New research has found that rates of disease caused by the bacterium Streptococcus pneumoniae could be substantially reduced by changing our approach to vaccination. Researchers from the Wellcome Sanger Institute, Simon Fraser University in Canada and Imperial College London combined genomic data, models of bacterial evolution and predictive modelling to identify how vaccines could be optimised for specific age groups, geographic regions and communities of bacteria. (2020-02-03)

Simple solution to ensure raw egg safety
Salmonella is a key cause of foodborne gastroenteritis around the world, with most outbreaks linked to eggs, poultry meat, pork, beef, dairy, nuts and fresh produce. Now Flinders University researchers have found a simple solution for preventing salmonellosis affecting eggs through surface contamination, giving crucial help for food services industries. (2020-02-02)

Not-so-dirty birds? Not enough evidence to link wild birds to food-borne illness
Despite the perception that wild birds in farm fields can cause food-borne illness, a WSU study has found little evidence linking birds to E. coli, Salmonella and Campylobacter outbreaks. (2020-01-31)

Fighting microbes with microbes
Researchers studying the effects associated to the consumption of antibiotics discover a bacterium that has a super protective effect, able to reduce the risk of acquiring infections. (2020-01-22)

Novel composite antimicrobial film could take a bite out of foodborne illnesses
A novel composite film -- created by the bonding of an antimicrobial layer to conventional, clear polyethylene plastic typically used to vacuum-package foods such as meat and fish -- could help to decrease foodborne illness outbreaks, according to researchers in Penn State's College of Agricultural Sciences. (2020-01-21)

Do studies underestimate the prevalence of typhoid?
Blood culture surveillance programs are critical for estimating the prevalence of typhoid and paratyphoid fevers, but cases can be missed when patients don't seek medical care, or seek medical care and don't have a blood culture test. Researchers writing in PLOS Neglected Tropical Diseases have now calculated inflation factors that can be used to adjust these incidence rates to account for under-detection. (2020-01-16)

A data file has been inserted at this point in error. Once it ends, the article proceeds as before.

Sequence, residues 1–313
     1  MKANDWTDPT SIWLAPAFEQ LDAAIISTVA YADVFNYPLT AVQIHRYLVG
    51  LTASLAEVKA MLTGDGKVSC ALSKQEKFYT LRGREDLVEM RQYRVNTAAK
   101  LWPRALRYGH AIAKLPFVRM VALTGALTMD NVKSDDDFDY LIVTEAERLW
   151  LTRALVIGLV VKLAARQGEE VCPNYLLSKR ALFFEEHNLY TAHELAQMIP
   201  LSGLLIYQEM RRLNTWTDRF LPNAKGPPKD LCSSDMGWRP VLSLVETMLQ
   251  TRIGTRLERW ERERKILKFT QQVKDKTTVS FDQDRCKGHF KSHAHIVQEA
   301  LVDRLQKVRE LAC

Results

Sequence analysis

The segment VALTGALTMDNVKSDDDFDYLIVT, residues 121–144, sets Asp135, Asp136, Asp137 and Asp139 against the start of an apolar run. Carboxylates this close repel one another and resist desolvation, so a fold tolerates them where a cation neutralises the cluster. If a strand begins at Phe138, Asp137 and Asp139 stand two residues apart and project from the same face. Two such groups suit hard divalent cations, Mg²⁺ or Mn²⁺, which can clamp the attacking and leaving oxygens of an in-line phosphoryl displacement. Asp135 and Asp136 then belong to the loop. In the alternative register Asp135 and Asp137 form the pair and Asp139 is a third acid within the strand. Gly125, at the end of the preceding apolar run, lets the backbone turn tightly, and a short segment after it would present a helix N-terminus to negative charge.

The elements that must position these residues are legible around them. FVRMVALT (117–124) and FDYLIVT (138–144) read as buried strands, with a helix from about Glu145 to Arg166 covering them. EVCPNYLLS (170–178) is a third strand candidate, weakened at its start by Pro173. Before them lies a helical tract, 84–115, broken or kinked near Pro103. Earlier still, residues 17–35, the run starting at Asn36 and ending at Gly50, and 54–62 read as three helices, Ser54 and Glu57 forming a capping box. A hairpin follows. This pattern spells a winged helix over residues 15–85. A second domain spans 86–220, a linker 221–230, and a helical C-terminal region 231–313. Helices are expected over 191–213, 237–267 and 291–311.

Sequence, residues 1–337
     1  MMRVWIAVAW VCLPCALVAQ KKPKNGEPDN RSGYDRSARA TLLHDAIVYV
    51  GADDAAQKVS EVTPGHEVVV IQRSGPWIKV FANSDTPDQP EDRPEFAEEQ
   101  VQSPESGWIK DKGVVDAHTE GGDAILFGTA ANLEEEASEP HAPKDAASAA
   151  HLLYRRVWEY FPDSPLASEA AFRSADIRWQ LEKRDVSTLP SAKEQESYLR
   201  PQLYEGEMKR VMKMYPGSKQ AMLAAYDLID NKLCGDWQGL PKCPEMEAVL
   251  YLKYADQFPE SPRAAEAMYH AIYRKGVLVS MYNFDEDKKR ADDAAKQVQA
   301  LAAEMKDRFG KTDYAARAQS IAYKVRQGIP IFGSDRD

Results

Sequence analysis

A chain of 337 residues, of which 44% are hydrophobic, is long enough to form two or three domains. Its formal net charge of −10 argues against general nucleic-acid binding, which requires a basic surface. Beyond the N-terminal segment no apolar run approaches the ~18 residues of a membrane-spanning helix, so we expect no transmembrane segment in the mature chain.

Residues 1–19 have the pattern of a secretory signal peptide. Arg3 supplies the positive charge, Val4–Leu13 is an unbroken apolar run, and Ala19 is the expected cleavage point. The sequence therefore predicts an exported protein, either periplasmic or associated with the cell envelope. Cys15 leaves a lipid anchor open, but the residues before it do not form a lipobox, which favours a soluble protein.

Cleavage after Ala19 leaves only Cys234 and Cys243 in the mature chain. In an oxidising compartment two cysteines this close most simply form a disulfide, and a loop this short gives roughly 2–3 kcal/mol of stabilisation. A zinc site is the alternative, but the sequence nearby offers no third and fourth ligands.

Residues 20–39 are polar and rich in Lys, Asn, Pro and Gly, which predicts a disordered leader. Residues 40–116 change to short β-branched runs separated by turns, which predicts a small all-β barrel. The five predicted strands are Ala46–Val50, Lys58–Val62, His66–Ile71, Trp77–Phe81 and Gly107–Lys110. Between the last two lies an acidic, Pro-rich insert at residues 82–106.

Researchers discover new strategy in the fight against antibiotic resistance
Bioscience engineers from KU Leuven in Belgium have developed a new antibacterial strategy that weakens bacteria by preventing them from cooperating. Unlike with antibiotics, there is no resistance to this strategy. (2020-01-14)

Scientists examine how a gut infection may produce chronic symptoms
For some unlucky people, a bout of intestinal distress like traveler's diarrhea leads to irritable bowel syndrome. Recent discoveries have given scientists a better idea of how this happens, and potential leads for new treatments. (2020-01-10)

In fighting gut infections, nervous system is key, Yale-Harvard team finds
The peaceful and delicate co-existence of friendly gut bacteria and the immune system relies on highly coordinated information exchange between immune system cells and certain cells lining the intestine. Scaientists at Yale and Harvard medical schools have discovered that, in response to bacterial invaders, nerve cells within the intestine -- and not immune cells or cells lining the intestinal wall -- release infection-fighting cytokines. (2020-01-09)

Page 1 of 18 | 703 Results
   First   Previous   Next      Last   
Brightsurf.com is a participant in the Amazon Services LLC Associates Program, an affiliate advertising program designed to provide a means for sites to earn advertising fees by advertising and linking to Amazon.com.